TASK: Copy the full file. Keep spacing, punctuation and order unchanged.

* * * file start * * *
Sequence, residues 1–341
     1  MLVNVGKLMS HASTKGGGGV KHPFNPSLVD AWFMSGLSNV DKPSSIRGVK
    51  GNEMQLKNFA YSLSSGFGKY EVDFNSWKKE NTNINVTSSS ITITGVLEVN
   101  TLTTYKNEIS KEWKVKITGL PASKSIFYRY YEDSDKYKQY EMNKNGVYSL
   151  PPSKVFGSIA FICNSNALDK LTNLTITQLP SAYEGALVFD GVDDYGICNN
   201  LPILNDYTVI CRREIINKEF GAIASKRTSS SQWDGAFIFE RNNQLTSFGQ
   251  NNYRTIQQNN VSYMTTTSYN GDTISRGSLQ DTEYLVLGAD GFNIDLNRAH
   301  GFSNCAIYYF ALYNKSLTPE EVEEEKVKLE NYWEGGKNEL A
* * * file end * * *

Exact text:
Sequence, residues 1–341
     1  MLVNVGKLMS HASTKGGGGV KHPFNPSLVD AWFMSGLSNV DKPSSIRGVK
    51  GNEMQLKNFA YSLSSGFGKY EVDFNSWKKE NTNINVTSSS ITITGVLEVN
   101  TLTTYKNEIS KEWKVKITGL PASKSIFYRY YEDSDKYKQY EMNKNGVYSL
   151  PPSKVFGSIA FICNSNALDK LTNLTITQLP SAYEGALVFD GVDDYGICNN
   201  LPILNDYTVI CRREIINKEF GAIASKRTSS SQWDGAFIFE RNNQLTSFGQ
   251  NNYRTIQQNN VSYMTTTSYN GDTISRGSLQ DTEYLVLGAD GFNIDLNRAH
   301  GFSNCAIYYF ALYNKSLTPE EVEEEKVKLE NYWEGGKNEL A